Stainless steel, anodized aluminum and fused glass sculpture for Mercy Housing in Auburn, CA.
13′ tall, 14′ across
The Place Where We Meet outdoor sculpture is both an eye-catching statement for the corner of Bell Rd. and First St., and an embracing form welcoming the residents into the larger local community through a celebration of life journey and home. The sculpture’s form contains several symbols that connect to our region’s natural heritage and indigenous values.
First and foremost, the spiral form represents the snail, associated with wisdom, patient progress, persistence, peace, self-care, and harmony. It’s a gentle creature that carries her home wherever she goes. They also symbolize self-love and self-care above everything else, retreating into their shell at the first sign of danger. As the snail moves through life, she adds new compartments to her shell and her home evolves. Inside each compartment on the sculpture is a fused glass disk that represents a gathered and stored seed, representative of renewed possibility.
The anodized aluminum chain basketry references the cultural practice of basketmaking to safely store what we want to keep. Since earliest times, baskets woven from reeds and grasses have functioned as containers for gathered bounty. The weaving of the basket contains symbolic patterns that are themselves a weaving together of the natural world. Womblike in form, woven from and holding the vegetation associated with the cycle of life, baskets link the practical and spiritual. In this basket reference, we hold respect for each other and our landscape. On a literal dimension, the sculpture has the potential to accommodate a seating spot inside. The basketry pattern tells the story of the basket, here representing a historic Miwok basket pattern of lightning–the symbol of truth. This particular pattern may easily be altered at this conceptual stage to represent a preferred pattern or idea.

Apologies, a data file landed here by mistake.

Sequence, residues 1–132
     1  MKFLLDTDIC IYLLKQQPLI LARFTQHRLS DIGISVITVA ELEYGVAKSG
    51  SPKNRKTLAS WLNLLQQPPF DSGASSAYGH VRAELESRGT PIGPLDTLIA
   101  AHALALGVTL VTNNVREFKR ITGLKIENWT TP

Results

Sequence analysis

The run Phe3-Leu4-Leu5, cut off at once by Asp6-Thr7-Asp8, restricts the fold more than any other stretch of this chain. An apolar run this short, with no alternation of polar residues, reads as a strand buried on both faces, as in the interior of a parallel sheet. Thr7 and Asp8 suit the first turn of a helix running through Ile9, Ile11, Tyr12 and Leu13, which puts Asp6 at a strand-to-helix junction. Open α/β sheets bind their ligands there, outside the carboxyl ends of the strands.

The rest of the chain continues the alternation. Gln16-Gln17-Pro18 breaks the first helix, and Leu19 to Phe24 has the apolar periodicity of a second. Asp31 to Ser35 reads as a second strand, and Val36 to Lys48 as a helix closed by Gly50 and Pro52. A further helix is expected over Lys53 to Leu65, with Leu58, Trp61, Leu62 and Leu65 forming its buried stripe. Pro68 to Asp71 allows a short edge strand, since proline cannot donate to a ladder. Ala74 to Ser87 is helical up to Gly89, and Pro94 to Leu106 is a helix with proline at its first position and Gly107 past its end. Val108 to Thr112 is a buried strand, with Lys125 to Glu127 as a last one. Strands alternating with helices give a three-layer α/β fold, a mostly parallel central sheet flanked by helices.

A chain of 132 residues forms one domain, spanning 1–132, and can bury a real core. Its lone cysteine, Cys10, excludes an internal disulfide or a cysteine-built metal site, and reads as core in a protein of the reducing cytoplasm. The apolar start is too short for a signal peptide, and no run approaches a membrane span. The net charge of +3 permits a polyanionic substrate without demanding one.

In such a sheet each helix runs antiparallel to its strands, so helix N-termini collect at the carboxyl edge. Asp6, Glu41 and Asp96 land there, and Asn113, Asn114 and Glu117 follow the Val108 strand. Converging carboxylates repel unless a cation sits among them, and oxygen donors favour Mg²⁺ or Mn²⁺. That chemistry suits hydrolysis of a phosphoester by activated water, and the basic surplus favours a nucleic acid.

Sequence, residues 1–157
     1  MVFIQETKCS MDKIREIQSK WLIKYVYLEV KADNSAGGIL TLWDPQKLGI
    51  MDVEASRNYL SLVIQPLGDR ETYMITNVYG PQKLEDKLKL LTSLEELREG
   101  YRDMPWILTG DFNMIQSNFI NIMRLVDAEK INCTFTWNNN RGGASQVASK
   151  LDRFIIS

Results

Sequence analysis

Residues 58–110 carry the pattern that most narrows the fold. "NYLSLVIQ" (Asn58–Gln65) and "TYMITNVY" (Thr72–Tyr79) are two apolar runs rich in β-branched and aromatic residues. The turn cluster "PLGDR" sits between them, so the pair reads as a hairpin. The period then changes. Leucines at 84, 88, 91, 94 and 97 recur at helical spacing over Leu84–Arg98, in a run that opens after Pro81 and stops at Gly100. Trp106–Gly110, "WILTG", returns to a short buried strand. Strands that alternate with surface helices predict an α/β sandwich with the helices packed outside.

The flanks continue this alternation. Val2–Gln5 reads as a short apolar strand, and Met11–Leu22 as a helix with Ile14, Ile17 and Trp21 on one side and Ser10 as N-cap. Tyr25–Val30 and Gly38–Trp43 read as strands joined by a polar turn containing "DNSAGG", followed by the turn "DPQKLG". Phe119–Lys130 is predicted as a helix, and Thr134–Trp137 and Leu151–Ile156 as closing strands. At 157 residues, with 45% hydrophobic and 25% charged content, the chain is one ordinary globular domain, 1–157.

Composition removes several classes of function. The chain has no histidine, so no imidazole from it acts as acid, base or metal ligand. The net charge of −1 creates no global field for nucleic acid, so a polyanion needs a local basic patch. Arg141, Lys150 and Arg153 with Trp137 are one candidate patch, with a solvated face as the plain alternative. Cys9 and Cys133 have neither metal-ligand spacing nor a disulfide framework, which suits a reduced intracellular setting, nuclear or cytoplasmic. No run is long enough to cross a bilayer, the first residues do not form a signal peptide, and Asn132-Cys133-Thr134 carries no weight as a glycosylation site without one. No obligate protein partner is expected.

Other references include the snakeskin and eagle feather. In Miwok culture, the snakeskin represents growth and shedding of the past. The mesh swirl around the basket form represents the shedded skin. The sculpture is topped with a crown of eagle feathers that curl towards the sky. The eagle is the protector who oversees what we do on the ground. In this exuberant crown configuration, we welcome the eagles of our local raptor migration to bestow their blessings.
Designed in collaboration with Landscape Sculptor, Deanna Marsh.